Home Poll: Donald Trump leads Republican field in Iowa

Poll: Donald Trump leads Republican field in Iowa


trumpBusinessman Donald Trump leads the field of Republican presidential candidates among likely GOP caucus voters, according to a new poll from Suffolk University.

The poll does show that voters in Iowa who watched the Aug. 6 Republican debate thought Sen. Marco Rubio (R-Fla.) and Dr. Ben Carson were the most impressive candidates.

The Suffolk Iowa poll showed Trump at 17 percent, Wisconsin Gov. Scott Walker second at 12 percent; Rubio at 10 percent; Carson at 9 percent; and Sen. Ted Cruz (R-Texas) and businesswoman Carly Fiorina tied at 7 percent.

Former Florida Gov. Jeb Bush polled at 5 percent, followed by Ohio Gov. John Kasich (3 percent), while former Arkansas Gov. Mike Huckabee, Sen. Rand Paul (R-Ky.), and New Jersey Gov. Chris Christie were tied at 2 percent. Six other candidates received 1 percent or less, while 20 percent of voters were undecided.

“It appears that Donald Trump’s lead is strong so long as the number of active opponents remains above a dozen,” said David Paleologos, director of the Suffolk University Political Research Center in Boston. “If the Republican field were winnowed down to five or six candidates, Trump’s 17 percent probably wouldn’t be enough to win in Iowa, as polling indicates that his further growth has limitations. The long-shot candidates staying in the race help keep Trump on top—at least for now.”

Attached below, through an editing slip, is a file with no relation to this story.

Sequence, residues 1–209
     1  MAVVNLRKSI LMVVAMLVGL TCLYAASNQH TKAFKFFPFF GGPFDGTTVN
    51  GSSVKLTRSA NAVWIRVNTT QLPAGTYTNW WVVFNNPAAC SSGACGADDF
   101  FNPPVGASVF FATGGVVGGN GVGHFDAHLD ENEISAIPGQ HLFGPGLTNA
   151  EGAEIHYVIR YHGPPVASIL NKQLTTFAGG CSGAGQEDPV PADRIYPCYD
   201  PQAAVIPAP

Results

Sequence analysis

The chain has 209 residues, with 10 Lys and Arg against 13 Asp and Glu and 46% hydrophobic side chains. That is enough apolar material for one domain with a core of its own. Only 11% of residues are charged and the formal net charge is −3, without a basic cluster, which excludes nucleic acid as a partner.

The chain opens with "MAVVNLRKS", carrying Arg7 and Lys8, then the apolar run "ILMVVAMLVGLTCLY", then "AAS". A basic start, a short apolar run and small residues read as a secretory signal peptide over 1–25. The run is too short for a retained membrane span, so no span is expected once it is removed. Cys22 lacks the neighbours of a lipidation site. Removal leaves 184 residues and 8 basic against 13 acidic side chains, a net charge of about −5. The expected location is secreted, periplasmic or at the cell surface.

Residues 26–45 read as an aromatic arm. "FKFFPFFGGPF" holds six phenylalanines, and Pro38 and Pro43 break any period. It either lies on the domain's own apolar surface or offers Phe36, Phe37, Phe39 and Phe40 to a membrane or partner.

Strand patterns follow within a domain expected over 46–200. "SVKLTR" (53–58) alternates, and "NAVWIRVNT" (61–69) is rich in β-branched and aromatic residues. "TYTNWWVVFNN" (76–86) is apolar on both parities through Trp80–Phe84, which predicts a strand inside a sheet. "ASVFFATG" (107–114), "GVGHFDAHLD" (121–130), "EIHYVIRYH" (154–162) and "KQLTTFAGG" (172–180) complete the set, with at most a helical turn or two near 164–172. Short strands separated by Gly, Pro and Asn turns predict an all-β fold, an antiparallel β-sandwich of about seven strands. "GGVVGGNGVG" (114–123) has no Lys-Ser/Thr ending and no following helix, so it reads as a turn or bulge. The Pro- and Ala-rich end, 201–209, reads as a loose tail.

The race was closer among viewers of last Thursday’s debate: Trump and Walker were tied at 14 percent, with Rubio (11 percent), Carson and Fiorina (tied at 10 percent), and Cruz (9 percent) close behind. However, among likely caucus voters who skipped watching the FOX NEWS debate, Trump (21 percent) led Carson (10 percent) by a wider margin, with Rubio and Walker tied at 8 percent.

“In the absence of a debate, Trump’s lead widens because he swallows up the political oxygen, but when that oxygen is spread out more evenly in a debate, it breathes life into the other candidates, and the race gets closer,” said Paleologos.

When viewers were asked about Trump after seeing him debate, 55 percent said they were less comfortable with him as a candidate for president, and 23 percent said they were more comfortable. Forty-one percent said the debate moderators targeted Trump unfairly, while 54 percent disagreed.

Both Rubio and Carson benefited from strong debate performances and are within striking distance of the leaders. When debate viewers were asked which candidate was most impressive, Rubio led with 23 percent, followed by Carson with 22 percent. Carson and Rubio also topped the field at 12 percent each as viewers’ second choice—an indicator of future growth potential. When viewers shared in their own words which debate moment they remembered most, Carson dominated, with 25 percent mentioning his closing remarks, brain surgery comments, or providing other positive feedback.

Though she did not appear on the evening debate stage, Fiorina made her mark among afternoon debate viewers, 82 percent of whom said Fiorina was the most impressive of the seven candidates in the earlier debate. Among viewers of either debate, 93 percent said Fiorina should be invited to debate the top tier of Republican candidates in the future.

– Source: Suffolk University



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